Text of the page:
In a recent interview with Scientific American, a Spanish biologist named Juan Carlos Izpisua Belmonte at the California-based Salk Institute claimed that Pope Francis had given an ethical thumbs-up to research on animal/human genetic hybrids.
After that report made the rounds, the Vatican issued a swift denial: “It’s absolutely unfounded that Pope Francis has pronounced himself with an encouragement for this type of research,” the Rev. Federico Lombardi told the Italian news outlet Il Sismografo.
One of Catholicism’s leading experts on bioethics now says it was always implausible the pope would sign off on animal/human hybrids, called “chimeras,” in such a sweeping fashion, because “there’s no way to give blanket approval for something like this … it has to be looked at on a case-by-case, proposal-by-proposal basis.”
The Rev. Tad Pacholczyk, director of education for the Philadelphia-based National Catholic Bioethics Center, told Crux Thursday that when it comes to the ethics of mixing materials between humans and animals, “the devil is always in the details.”
The type of research Izpisua is proposing involves implanting human cells into embryonic pigs and other farm animals in order to grow human hearts, kidneys, and other organs, primarily to alleviate the donor shortage for organ transplants.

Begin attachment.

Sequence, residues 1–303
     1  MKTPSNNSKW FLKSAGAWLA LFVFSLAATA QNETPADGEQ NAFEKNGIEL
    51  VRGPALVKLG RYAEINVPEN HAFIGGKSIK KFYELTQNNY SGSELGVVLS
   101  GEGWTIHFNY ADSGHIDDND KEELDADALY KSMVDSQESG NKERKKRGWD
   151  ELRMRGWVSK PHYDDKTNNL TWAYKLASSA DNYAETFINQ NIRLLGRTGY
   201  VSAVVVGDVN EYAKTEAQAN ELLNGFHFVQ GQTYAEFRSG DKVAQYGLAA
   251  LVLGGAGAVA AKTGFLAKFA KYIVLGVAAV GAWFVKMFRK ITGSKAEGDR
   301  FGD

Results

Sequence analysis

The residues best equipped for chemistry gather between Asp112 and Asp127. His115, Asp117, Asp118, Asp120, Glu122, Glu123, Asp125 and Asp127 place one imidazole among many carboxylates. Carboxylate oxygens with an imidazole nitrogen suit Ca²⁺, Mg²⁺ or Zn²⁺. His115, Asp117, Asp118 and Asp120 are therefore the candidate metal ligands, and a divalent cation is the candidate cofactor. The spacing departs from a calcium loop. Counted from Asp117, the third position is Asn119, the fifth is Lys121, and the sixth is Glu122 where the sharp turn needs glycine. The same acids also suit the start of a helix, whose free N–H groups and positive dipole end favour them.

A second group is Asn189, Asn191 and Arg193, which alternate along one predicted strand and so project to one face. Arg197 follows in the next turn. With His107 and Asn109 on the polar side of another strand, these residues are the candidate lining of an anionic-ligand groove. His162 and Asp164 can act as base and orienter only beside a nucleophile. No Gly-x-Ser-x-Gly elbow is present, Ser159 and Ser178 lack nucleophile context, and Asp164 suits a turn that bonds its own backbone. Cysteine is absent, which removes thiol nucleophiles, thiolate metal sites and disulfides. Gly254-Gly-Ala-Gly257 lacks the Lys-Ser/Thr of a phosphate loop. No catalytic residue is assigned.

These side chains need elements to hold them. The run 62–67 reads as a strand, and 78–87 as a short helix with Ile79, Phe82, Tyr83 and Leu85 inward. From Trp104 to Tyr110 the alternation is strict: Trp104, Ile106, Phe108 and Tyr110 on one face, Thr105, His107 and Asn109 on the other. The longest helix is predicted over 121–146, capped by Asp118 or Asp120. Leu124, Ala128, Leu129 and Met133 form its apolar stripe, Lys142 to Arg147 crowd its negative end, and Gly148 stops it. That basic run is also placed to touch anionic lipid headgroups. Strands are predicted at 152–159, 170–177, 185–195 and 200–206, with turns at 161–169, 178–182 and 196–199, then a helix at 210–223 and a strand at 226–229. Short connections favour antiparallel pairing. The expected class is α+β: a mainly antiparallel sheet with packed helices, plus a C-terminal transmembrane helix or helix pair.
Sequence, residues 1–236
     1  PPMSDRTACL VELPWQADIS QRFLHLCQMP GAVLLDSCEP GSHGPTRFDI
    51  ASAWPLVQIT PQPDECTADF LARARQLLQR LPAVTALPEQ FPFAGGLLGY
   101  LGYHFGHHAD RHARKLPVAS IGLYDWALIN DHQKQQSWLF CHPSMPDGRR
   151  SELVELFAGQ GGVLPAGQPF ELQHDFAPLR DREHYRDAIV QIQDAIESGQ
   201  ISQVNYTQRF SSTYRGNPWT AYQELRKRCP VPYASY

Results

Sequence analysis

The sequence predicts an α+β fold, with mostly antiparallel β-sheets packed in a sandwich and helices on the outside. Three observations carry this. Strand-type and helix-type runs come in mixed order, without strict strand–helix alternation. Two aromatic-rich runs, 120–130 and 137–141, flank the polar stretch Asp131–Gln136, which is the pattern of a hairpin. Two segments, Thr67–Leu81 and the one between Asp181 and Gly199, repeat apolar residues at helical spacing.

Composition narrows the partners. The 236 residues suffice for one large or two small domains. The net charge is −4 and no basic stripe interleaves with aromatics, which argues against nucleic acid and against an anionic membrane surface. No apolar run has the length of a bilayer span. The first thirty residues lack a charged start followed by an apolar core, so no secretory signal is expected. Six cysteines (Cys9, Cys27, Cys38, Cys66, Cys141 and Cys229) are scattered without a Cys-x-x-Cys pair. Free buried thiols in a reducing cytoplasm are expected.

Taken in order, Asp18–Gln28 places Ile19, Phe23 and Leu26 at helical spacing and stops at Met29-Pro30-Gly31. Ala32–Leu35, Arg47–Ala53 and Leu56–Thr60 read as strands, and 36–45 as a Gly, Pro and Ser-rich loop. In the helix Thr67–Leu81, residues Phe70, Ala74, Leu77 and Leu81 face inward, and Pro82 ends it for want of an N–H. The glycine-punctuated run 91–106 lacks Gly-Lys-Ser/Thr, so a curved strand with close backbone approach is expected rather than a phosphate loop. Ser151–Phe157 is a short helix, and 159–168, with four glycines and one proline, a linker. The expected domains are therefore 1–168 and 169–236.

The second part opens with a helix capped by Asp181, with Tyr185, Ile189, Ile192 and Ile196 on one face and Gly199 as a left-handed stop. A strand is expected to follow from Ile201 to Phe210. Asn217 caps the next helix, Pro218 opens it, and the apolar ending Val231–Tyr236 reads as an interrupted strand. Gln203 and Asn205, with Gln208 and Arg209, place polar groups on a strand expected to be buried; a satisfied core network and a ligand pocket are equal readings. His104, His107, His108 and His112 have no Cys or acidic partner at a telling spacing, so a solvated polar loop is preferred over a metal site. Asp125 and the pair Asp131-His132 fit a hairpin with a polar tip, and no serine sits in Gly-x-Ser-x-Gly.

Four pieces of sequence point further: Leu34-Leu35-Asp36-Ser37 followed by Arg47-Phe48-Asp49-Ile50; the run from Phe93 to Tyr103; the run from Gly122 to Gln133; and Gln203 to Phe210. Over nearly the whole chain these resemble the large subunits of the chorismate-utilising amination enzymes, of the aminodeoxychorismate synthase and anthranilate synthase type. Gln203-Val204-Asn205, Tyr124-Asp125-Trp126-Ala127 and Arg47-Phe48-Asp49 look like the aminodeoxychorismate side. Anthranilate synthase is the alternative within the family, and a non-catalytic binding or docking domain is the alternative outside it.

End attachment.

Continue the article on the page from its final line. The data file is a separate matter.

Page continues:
The aim is to induce one species to grow an organ of the other, not a combination of two species.
In principle, he said, the research that biologists such as Izpisua are pursuing could pass ethical muster if three conditions are satisfied:
• The procedures must not involve the creation or destruction of human embryos.
• They must not involve the replication of major pillars of human identity in animals, such as the brain system.
• They must not involve the production of human gametes, meaning the basic building blocks of human reproduction.
Assuming that’s the case, he said, and that technical challenges can be worked out – for instance, avoiding the risk of transferring diseases from one species to the other – then in principle, the Church likely would not object.
“We use animals for a wide panoply of purposes,” Pacholczyk said. “We eat them, we use them to make clothing, we use them for basic scientific research … so if we can use them to produce organs to save people’s lives without crossing fundamental ethical lines, presumably it would be morally non-problematic.”